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In September 1984, notices appeared around New York City’s Lower East Side offering a reward for ‘missing paintings’. They were posted by Barry Blinderman – ‘as if for some lost pet’, he later recalled – the owner of Semaphore Gallery, where a solo show of work by Martin Wong was due to open within days.

It was meant to be Wong’s moment. The exhibition would confirm his compelling urban vision, commingling murky social realism and otherworldliness through crumbling brickwork, chain link and fire escapes, with teenagers finding love on rubbish heaps beneath zodiac skies. One of his most accomplished works to date, depicting a palimpsest of graffiti tags on a local handball wall, had just been acquired by the Metropolitan Museum of Art, where Wong once worked in the bookshop. It would be installed opposite Picasso’s portrait of Gertrude Stein.

Yet the artist, having imbibed LSD as part of The Acid Test exhibition at Sensory Evolution Gallery, had decided to give away the rest of his paintings. He made it down the six flights of stairs from his apartment with, depending on who’s telling the story, about a dozen. Those not intercepted by his downstairs neighbour were bestowed upon passers-by, along with the refrain of one of his painting’s titles: Everything Must Go. Any canvases remaining in Wong’s place could not be accessed; he’d tossed his door key off the Brooklyn Bridge. Appearing likely to leap himself, Wong was apprehended by police and admitted to Bellevue hospital. Soon Blinderman was staring down an officer’s gun, caught in the act of climbing from the fire escape through Wong’s kitchen window to retrieve more art.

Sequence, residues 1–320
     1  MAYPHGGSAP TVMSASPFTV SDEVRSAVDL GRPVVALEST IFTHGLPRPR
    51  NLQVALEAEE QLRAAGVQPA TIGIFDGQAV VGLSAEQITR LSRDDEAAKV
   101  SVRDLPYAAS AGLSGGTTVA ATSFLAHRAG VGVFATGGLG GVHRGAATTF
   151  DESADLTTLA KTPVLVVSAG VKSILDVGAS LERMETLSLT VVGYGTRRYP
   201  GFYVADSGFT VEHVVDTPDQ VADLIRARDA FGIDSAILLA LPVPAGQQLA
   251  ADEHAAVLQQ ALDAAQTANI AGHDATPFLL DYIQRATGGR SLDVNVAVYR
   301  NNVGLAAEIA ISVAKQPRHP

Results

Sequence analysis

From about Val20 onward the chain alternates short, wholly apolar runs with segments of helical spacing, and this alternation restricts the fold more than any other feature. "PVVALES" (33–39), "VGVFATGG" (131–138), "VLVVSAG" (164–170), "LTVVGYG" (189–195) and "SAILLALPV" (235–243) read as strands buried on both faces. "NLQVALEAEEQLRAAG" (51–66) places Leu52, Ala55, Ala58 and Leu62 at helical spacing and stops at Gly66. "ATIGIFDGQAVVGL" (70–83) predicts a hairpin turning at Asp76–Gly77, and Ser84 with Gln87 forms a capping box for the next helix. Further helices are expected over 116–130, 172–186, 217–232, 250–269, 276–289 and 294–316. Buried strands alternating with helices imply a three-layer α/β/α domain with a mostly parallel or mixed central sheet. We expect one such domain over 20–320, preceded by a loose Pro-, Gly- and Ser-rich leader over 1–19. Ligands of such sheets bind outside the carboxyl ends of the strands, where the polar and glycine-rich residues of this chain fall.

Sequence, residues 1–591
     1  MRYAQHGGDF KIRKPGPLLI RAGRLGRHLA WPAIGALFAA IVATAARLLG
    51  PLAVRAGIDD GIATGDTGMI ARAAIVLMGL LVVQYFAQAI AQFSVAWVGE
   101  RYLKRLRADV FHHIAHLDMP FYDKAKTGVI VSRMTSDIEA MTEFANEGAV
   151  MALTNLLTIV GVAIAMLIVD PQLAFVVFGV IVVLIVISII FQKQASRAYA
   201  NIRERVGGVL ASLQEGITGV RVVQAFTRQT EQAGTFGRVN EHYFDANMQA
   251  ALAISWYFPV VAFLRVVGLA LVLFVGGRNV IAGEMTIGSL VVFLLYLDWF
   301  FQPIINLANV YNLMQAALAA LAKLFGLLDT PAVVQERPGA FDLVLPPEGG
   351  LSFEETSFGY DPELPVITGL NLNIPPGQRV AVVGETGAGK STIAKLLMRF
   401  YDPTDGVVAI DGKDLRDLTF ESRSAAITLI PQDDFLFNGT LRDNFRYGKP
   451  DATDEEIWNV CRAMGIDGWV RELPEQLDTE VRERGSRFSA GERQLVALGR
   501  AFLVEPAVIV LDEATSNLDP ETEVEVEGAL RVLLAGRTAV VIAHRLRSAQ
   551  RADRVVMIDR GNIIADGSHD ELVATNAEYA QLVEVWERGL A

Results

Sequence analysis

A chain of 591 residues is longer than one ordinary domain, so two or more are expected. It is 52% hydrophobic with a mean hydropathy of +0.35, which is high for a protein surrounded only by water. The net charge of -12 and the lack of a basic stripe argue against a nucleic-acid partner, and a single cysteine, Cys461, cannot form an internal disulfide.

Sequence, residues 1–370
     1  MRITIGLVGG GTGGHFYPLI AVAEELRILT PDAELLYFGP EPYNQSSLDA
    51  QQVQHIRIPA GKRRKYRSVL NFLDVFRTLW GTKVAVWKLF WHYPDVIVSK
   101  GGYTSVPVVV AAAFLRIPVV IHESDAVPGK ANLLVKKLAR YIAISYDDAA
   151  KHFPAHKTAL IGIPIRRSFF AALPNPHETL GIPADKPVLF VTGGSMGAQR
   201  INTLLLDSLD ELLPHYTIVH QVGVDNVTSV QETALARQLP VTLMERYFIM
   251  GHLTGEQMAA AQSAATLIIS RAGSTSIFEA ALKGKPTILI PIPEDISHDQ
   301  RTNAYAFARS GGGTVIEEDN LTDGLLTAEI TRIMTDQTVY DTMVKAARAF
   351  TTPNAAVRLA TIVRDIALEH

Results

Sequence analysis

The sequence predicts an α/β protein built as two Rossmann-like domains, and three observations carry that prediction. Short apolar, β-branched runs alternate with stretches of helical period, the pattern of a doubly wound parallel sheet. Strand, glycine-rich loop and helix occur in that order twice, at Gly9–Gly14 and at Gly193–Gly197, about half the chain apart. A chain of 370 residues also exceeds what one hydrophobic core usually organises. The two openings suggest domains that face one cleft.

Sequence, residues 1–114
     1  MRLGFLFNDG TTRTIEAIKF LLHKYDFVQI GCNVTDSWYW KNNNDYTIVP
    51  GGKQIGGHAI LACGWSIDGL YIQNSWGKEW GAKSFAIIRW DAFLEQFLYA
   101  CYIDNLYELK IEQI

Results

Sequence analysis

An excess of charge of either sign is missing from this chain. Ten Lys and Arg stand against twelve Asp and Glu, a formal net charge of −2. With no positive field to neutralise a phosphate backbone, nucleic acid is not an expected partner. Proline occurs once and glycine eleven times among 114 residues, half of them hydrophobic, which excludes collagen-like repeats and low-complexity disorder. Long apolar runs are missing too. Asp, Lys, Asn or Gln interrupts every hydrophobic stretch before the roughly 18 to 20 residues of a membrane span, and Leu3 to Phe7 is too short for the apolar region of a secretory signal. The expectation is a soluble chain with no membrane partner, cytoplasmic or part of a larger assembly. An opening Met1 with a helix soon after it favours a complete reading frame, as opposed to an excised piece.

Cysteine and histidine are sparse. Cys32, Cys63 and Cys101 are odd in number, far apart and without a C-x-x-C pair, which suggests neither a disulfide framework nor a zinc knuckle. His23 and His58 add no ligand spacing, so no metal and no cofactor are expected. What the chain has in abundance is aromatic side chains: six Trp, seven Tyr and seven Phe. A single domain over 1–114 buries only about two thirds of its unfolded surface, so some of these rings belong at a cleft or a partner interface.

Wong would not attend that particular opening. But his fugitive mystique has endured, and it’s tempting to announce his time has come. This year, the retrospective Malicious Mischief travels from Madrid to Berlin, London and Amsterdam, following Stanford University’s launch of a monumental online catalogue raisonné charting Wong’s prolific output and influence.